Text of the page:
Just as all members of the U.S. military did, Anderson’s career met a fork in the road on Sept. 11, 2001. She had served her full commitment and had to decide if she should she retire or double-down on her service. She chose to stay the course and was immediately funneled to Fort Benning, Georgia, followed by numerous 1- to 6-month assignments across the Army Reserves.

 

Anderson carried a lot of historical baggage with her as she progressively rose in rank. Her father faced discrimination during the Korean War. As an African American, he wasn’t considered for promotion. He sought a bomber pilot position, but was tasked with driving trucks. And she was intensely aware of the paths paved by African Americans in World War II – in particular the pilots.

 

“I was walking in the footsteps of the Tuskegee Airmen,” she said. “They fought a lot of battles to make it possible for me. I vowed I would never do anything while serving that would dishonor or minimize their sacrifices and conducted myself above reproach in their honor.”

When Anderson was promoted to major general she left her brigadier general post at Fort Knox, where she had been overseeing the entire Army's human resources operations, to work at the Pentagon as deputy to the chief of the Army Reserve. During both assignments she was on leave from her job with the U.S. Bankruptcy Court.

 

“The good news was that I was getting a second star,” she said. “The bad news was that it was at the Pentagon. I really wanted to work with the soldiers on the ground. I didn’t want to see ‘how the sausage is made.’ But it turned out amazing. I got a full understanding of the policy side and learned about all of the humanitarian projects that no one ever hears about: from drilling wells in Africa to building schools in Afghanistan for children who had never had one.”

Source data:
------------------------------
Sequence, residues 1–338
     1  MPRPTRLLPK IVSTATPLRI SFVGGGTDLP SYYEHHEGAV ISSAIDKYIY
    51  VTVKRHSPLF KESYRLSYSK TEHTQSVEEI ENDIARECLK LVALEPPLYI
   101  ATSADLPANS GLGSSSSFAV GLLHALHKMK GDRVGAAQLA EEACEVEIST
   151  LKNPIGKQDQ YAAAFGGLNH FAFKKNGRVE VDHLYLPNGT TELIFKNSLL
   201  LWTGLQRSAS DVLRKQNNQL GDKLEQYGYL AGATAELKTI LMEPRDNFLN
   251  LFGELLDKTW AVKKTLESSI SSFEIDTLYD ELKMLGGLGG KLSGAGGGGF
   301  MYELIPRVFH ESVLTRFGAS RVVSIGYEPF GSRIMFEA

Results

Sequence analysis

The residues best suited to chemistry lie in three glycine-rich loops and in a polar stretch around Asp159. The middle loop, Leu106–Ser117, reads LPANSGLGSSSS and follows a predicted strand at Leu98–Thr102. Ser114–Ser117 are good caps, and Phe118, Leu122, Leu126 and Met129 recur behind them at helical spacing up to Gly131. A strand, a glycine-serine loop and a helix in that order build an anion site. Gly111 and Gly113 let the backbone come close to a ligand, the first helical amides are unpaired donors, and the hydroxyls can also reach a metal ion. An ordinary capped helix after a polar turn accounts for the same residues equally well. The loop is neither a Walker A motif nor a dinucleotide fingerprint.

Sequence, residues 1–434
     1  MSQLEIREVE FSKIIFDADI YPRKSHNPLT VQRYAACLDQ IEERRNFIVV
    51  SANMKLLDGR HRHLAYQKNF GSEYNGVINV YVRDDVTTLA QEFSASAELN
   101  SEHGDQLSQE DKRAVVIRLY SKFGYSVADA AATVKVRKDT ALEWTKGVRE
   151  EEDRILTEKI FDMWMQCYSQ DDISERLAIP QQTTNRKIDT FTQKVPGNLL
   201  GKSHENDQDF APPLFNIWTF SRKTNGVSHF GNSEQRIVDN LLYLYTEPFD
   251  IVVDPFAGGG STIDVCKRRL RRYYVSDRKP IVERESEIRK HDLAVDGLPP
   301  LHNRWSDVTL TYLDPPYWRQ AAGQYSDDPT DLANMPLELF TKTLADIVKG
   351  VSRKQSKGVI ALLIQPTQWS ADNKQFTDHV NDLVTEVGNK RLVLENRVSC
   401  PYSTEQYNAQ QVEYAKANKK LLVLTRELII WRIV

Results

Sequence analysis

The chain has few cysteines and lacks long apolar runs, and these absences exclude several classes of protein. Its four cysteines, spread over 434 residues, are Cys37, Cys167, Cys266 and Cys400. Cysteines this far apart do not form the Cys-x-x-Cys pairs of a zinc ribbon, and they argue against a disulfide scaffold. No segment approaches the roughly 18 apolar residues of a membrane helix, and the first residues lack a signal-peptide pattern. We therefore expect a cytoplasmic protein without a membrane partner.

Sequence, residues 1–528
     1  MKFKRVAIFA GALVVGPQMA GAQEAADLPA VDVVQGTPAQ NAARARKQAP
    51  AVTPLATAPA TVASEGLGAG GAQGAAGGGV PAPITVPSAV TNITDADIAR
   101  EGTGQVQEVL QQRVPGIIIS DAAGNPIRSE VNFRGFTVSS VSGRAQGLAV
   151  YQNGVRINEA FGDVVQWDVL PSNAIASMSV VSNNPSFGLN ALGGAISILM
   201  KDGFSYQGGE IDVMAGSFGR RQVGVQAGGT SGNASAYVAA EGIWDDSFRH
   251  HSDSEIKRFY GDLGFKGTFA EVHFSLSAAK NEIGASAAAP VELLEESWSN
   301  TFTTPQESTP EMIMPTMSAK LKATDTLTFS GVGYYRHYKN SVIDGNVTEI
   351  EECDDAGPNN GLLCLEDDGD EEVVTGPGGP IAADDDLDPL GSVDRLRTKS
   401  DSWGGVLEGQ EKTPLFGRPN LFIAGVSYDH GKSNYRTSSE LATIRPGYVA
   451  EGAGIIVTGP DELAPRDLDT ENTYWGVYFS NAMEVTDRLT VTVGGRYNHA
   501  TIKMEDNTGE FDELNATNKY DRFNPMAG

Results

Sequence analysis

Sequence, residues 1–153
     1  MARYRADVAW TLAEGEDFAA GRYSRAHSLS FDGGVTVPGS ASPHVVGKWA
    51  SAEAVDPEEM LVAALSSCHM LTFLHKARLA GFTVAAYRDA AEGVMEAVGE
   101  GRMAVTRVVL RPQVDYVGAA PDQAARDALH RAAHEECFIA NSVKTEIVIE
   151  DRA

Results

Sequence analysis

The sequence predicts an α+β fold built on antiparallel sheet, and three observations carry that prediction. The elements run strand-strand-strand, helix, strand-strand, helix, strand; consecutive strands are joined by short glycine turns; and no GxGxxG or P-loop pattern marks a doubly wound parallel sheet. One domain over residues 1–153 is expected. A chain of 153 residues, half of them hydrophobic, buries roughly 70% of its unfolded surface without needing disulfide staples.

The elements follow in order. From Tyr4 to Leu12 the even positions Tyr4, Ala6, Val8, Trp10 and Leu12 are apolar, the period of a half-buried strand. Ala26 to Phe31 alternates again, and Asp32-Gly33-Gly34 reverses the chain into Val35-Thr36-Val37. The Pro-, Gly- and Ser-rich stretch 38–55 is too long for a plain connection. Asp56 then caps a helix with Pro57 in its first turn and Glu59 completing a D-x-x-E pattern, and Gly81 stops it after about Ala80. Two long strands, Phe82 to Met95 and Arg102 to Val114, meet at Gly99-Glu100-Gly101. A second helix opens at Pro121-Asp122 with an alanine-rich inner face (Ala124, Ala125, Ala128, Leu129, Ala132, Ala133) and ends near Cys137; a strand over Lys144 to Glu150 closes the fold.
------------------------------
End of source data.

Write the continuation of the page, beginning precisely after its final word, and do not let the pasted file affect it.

LAW

Throughout most of her military career, Anderson also maintained her civilian career. Since 1998 she has overseen the Western Wisconsin Clerk of the U.S. Bankruptcy Court – from the judges to lawyers and support staff.

“It’s similar to being a general in many ways,” she said. “Ultimately the buck stops on my desk. People tend to have a negative view of bankruptcy. But it helps provide a fresh start. Nobody runs their business or farm into the ground on purpose. It’s one part of law that I really like.”

 

PACKERS

Three years ago, Anderson was contacted by the Green Bay Packers, who were looking to fill a seat on the Board of Directors. Thanks to her mom’s fan status, Anderson grew up cheering on the green and gold, though they never had enough money to attend a game.